From Home Furnishing Business
Editors Letter: DON’T THROW THAT AWAY!
By Bob George
First, let me confess up front. I am a Puritan at heart and have been accused of rubbing two pennies together to make a dime. I didn’t say I was cheap, just frugal. Now to the point!
Watching the news on the aftermath of the storms, with the mountains of household items, building materials, and worldly possessions, my frugal side kicked in. I don’t know, but if I was in the same situation, I would be concerned with salvaging furniture. However, some of the casegoods appeared to be of better quality. I mentioned this to a non-furniture industry person and this statement brings me back to reality, “Everything is made of particleboard and when it is wet, it is ruined.” I guess my vision of carefully constructed pieces is a part of history until I remember Stickley, Harden, and others.
With that thought, I went into the research to better understand why consumers made their last furniture purchase. The graphic below presents the statistics from Impact Consulting Services, parent company of Home Furnishings Business, most recent consumer survey:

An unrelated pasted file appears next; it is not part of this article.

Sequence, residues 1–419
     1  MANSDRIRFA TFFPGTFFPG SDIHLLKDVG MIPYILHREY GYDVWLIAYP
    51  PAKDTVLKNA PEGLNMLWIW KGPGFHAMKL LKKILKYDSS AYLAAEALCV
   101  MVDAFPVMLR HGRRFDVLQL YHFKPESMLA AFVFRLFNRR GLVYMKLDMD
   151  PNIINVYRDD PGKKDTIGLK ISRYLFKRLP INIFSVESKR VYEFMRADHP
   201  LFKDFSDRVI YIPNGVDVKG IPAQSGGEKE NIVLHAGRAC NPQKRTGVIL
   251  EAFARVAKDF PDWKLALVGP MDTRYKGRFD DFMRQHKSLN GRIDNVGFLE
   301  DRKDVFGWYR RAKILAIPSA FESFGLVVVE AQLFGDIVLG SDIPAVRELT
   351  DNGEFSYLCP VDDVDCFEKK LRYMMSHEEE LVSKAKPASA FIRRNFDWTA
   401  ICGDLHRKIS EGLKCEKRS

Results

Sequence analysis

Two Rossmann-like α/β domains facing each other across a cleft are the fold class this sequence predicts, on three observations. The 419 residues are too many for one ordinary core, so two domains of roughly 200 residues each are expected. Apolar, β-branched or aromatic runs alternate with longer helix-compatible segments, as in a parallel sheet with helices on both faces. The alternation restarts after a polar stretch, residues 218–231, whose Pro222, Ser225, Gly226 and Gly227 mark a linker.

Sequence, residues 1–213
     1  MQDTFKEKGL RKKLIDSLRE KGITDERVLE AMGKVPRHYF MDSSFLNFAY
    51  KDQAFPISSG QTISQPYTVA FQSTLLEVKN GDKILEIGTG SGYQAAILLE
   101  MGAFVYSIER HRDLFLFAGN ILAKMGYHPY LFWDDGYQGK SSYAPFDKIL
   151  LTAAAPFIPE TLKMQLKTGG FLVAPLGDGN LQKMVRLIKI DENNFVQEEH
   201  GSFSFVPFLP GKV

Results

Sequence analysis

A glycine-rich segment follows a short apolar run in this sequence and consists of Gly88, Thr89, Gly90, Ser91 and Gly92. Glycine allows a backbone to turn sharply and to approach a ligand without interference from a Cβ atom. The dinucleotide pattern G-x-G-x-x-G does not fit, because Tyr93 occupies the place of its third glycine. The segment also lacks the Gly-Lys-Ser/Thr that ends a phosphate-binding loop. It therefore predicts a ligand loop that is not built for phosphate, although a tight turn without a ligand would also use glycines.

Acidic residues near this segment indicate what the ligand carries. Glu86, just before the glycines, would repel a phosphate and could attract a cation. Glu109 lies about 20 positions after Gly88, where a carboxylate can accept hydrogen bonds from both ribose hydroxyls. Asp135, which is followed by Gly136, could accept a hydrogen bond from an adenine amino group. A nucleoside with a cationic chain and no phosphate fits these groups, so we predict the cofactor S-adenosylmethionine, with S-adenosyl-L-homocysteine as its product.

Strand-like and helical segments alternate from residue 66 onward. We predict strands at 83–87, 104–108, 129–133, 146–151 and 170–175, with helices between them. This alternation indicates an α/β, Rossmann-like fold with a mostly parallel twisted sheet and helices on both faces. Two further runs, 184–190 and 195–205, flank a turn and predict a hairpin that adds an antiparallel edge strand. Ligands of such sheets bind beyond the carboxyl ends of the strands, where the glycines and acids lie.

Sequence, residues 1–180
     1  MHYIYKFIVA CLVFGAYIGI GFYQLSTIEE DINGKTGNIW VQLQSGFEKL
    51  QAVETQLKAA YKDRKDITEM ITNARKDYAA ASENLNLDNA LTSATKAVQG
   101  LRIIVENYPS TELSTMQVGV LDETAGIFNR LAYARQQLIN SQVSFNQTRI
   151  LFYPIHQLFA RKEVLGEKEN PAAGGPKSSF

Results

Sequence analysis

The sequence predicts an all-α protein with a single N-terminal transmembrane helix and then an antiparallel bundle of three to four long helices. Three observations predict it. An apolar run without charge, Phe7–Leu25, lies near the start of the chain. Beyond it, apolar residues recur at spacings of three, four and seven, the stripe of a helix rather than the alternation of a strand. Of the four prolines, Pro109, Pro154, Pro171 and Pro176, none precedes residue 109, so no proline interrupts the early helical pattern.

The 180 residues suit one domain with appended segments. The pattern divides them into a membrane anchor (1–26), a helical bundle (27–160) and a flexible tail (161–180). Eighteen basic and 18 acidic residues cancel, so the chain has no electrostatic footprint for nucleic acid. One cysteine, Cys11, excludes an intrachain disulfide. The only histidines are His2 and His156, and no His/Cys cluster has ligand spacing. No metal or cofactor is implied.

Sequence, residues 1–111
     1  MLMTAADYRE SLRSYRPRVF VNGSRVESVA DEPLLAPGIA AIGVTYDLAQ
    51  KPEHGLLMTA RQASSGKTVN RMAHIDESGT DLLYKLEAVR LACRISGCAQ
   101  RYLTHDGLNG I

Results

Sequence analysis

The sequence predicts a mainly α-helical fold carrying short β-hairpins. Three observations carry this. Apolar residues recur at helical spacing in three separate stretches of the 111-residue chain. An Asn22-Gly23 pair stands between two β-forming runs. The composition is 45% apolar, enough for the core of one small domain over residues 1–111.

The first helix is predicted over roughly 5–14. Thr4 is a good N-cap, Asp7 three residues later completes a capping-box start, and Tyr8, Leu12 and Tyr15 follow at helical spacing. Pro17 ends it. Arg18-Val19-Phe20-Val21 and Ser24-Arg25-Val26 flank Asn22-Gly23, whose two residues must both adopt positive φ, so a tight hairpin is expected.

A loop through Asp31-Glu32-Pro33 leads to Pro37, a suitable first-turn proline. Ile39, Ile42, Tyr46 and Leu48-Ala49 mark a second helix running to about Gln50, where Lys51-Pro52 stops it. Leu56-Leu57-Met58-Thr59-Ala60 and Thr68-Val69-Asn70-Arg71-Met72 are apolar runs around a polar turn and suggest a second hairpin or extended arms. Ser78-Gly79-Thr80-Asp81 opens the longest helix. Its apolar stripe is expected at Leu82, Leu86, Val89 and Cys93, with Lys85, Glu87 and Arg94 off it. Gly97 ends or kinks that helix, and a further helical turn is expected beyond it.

WHAT WAS THE PRIMARY REASON YOU DECIDED TO MAKE YOUR MOST RECENT FURNITURE PURCHASE?
Furniture Replacement has more than doubled, as the reason to purchase, in the past 15 years. Along with other consumer durables, the furniture industry has executed a product strategy, which assumes the consumer does not have an expectation of durability. Along with washers/dryers at 2-4 years and refrigerators at less than 10 years, we joined the disposable economy.
Without a doubt, the prices for furniture are stagnant, as can be seen from the Consumer Price Index (minus 2.3%), covered in the preceding forecasting articles.
The major question is, “Is that what a consumer wants?” Yes, the major appliance brands pursued the strategy using offshore contractor plants to produce their products at the lowest price. The results, the premier brands – Viking, Wolf, Subzero – captured the quality position with higher prices.
Will our industry segment into two quality standards, one for the “curb” in two years and the other for a lifetime of enjoyment? Let’s give the consumer a choice and not just believe they want cheap.